Special Populations

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The presence of certain life circumstances or comorbid medical or psychosocial conditions warrant special attention during the evaluation and treatment of opioid addiction with buprenorphine. Patients with circumstances or conditions that require special attention include those with certain medical comorbidities (e.g., AIDS, tuberculosis), concurrent mental disorders, or concurrent alcohol or other substance abuse disorders, as well as pregnant women, adolescents, geriatric patients, patients under the jurisdiction of the criminal justice system, and healthcare professionals who are addicted. Because of the unique issues presented by these circumstances, addiction treatment for these patients may require additional training or specialty care and consultation. Before treating individuals with these circumstances for opioid addiction in an office setting, physicians should consider whether patient needs can be met with the resources at hand or if referral to specialized treatment programs or to addiction specialists is indicated.

Patients With Medical Comorbidities

Patients addicted to opioids who present for treatment often have other comorbid medical problems. These conditions are often a consequence of high-risk behaviors, including injection drug use (intravenous, intramuscular, or subcutaneous), or of the direct toxic effects of the active and inert ingredients in illicit drugs.

Co-Occuring Medical Problems

People addicted to opioids often present with other medical problems including:

*  Tuberculosis
*  Hepatitis B and C
*  Skin and Soft Tissue Infections
*  Syphilis and other Sexually Transmitted Diseases
*  Seizure Disorders
*  Valvular Heart Disease Secondary to Endocarditis
*  Pulmonary Hypertension Secondary to Talc Granulomatosis
*  Pseudoaneurysms of the neck and groin secondary to thromboplebitis
*  Lymphedema
*  Renal insufficiency secondary to heroin-associated nephropathy

Patients with a history of hepatitis C may require hepatitis A and B vaccinations and may be intolerant of potentially hepatotoxic medications. One retrospective study found that liver function tests were significantly elevated in patients treated with buprenorphine who also had a history of hepatitis, suggesting that liver function tests should be monitored in these patients on a regular  basis  during   buprenorphine  treatment  (Petry   et  al. 2000). A detailed discussion of medical comorbidities in addiction is beyond the scope of this chapter and is reviewed extensively elsewhere (Cherubin and Sapira 1993; Stein 1990).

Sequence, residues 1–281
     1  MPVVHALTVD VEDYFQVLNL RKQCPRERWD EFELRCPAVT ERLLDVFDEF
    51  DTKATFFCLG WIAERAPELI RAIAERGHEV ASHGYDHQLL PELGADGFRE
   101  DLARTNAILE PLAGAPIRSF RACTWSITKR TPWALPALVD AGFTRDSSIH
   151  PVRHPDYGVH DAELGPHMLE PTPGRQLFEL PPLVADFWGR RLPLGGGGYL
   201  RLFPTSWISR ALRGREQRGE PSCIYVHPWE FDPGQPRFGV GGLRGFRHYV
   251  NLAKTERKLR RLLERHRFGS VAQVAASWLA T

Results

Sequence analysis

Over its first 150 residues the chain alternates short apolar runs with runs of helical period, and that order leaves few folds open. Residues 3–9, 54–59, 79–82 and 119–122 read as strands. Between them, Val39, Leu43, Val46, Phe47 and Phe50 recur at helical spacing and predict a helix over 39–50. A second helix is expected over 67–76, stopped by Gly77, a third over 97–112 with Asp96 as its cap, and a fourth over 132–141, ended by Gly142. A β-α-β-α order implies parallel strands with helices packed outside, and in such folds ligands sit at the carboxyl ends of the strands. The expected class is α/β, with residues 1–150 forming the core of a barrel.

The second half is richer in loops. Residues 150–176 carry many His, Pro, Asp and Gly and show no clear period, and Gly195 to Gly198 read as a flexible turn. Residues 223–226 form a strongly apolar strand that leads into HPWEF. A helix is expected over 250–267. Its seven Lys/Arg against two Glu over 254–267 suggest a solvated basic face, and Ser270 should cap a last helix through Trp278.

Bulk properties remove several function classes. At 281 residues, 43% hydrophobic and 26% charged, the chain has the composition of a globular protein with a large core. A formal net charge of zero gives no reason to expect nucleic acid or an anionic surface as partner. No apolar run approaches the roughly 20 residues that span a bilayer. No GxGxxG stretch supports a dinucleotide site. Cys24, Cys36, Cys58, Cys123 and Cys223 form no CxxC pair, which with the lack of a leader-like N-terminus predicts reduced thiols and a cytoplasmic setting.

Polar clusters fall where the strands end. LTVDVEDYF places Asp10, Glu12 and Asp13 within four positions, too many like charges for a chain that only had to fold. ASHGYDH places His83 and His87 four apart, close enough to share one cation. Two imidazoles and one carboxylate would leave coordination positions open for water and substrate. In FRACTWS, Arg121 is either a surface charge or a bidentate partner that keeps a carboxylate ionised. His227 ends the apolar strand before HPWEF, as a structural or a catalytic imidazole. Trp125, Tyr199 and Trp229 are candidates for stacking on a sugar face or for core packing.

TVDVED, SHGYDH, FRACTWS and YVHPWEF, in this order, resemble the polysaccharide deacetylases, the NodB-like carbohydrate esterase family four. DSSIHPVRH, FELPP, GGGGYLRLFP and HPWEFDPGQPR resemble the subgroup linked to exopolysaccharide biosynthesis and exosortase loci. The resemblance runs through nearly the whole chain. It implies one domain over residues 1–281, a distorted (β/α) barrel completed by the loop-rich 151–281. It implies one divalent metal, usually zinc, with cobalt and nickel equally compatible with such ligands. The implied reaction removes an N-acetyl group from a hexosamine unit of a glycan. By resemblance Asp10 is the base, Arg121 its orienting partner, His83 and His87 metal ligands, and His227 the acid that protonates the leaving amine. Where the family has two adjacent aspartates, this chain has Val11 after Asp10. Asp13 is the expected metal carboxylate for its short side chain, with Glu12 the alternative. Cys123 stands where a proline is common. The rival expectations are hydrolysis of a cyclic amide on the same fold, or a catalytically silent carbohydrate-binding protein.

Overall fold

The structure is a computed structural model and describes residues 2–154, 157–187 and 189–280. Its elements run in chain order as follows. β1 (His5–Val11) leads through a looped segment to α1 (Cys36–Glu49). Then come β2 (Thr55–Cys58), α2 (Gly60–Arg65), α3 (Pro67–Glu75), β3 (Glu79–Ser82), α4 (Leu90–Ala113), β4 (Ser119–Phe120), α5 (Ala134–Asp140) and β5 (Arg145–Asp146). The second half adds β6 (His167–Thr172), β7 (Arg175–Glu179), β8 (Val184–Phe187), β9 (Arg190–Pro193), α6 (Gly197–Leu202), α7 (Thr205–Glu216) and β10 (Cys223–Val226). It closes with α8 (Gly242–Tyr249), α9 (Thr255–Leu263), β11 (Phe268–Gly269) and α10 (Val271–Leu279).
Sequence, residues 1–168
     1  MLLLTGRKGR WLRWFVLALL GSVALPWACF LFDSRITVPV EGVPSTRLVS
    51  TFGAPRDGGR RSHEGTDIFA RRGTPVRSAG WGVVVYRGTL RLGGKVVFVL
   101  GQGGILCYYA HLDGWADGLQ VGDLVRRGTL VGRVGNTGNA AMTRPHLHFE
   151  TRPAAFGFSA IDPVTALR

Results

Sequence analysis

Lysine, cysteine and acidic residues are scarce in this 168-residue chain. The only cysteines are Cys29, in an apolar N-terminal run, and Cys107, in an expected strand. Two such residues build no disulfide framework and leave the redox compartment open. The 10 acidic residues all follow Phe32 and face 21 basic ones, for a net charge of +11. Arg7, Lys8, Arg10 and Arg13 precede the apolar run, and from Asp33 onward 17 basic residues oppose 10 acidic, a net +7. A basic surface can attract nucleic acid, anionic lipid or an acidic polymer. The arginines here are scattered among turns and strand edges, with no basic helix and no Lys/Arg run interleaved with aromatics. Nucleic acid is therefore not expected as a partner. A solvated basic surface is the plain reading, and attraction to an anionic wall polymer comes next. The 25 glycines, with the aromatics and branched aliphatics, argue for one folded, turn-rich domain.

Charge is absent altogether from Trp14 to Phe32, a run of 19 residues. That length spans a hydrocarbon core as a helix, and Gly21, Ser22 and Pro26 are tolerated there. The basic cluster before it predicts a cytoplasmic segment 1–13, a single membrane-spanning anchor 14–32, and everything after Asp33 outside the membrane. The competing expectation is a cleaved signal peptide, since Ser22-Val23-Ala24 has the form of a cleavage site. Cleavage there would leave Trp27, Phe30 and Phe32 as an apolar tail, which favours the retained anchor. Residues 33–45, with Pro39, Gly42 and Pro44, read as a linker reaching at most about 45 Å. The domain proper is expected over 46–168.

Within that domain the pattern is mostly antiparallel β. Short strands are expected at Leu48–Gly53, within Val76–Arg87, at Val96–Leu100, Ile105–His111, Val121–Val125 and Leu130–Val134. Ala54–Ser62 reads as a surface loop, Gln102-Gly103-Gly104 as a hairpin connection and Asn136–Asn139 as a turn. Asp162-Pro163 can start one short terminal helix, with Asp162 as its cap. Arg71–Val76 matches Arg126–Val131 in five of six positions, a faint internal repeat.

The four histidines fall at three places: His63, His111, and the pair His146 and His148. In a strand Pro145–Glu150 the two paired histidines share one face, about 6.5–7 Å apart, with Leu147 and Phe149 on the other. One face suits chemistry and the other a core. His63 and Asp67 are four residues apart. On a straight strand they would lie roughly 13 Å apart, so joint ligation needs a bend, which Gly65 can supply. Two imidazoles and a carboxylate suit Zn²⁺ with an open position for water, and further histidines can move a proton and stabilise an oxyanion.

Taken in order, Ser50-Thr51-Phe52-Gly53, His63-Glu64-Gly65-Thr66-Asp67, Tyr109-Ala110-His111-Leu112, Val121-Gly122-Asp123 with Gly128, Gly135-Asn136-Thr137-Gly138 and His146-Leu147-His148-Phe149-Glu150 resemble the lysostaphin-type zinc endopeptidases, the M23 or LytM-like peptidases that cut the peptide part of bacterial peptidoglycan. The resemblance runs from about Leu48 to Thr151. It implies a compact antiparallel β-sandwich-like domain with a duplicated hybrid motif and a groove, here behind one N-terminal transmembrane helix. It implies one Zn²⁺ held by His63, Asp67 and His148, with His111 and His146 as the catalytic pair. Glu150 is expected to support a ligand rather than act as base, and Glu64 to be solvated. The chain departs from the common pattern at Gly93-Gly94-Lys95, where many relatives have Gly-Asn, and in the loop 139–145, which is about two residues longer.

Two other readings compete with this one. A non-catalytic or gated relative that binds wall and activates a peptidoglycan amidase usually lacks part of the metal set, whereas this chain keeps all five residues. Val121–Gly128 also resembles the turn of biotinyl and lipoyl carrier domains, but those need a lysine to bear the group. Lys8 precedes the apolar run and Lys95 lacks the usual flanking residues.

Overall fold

Treatment of opioid addiction in patients with comorbid medical conditions is likely to result in better outcomes for the comorbid conditions than would be achieved in the absence of treatment of the substance use disorder. Moatti et al. (2000) found that patients on buprenorphine tended to be more compliant with highly active antiretroviral therapies (HAART) than patients who were not treated concurrently for opioid addiction.

Pharmacological treatments of comorbid medical disorders may have important drug interactions with buprenorphine due to shared pharmacokinetic properties. Although Carrieri et al. (2000) found no detrimental short-term effect of buprenorphine treatment on the effect of HAART on viral load, buprenorphine is metabolized by the hepatic cytochrome P450 3A4 enzyme system and will likely interact with other medications metabolized by the same system.

Certain antiretrovirals may occupy the cytochrome P450 3A4 system and thus inhibit the metabolism of buprenorphine. Other drugs that induce the cytochrome P450 3A4 system (e.g., certain antituberculosis, anticonvulsant, and antiretroviral medications) may decrease serum concentrations of buprenorphine, resulting in opioid withdrawal or decreased effectiveness. Because the interactions of most medications with buprenorphine have not been systematically studied, physicians should monitor for any signs or symptoms of opioid side effects, loss of effectiveness, or withdrawal after a patient starts any new medications.

 Buprenorphine dose adjustments may be necessary after starting new medications, even for patients who have been on a stable maintenance dose.

Other potential, and as yet unknown, drug interactions include the possibility of buprenorphine increasing or decreasing metabolism of medications used in treating comorbid medical conditions. Informing patients of potential drug–drug interactions, especially sedation or precipitated opioid withdrawal, is important to prevent jeopardizing adherence with medical treatment and/or precipitating relapse to illicit opioid use.

In summary, it is important to screen for and manage common comorbid medical conditions in patients being treated with buprenorphine for opioid addiction and to anticipate known and potential drug interactions.

 References:  Clinical Guidelines For The Use of Buprenorphine In The Treatment of Treatment  Of Opioid Addiction TIP 40 (Chapter 5)

Written And Edited By: Deborah Shrira           Dated: 8 May 2007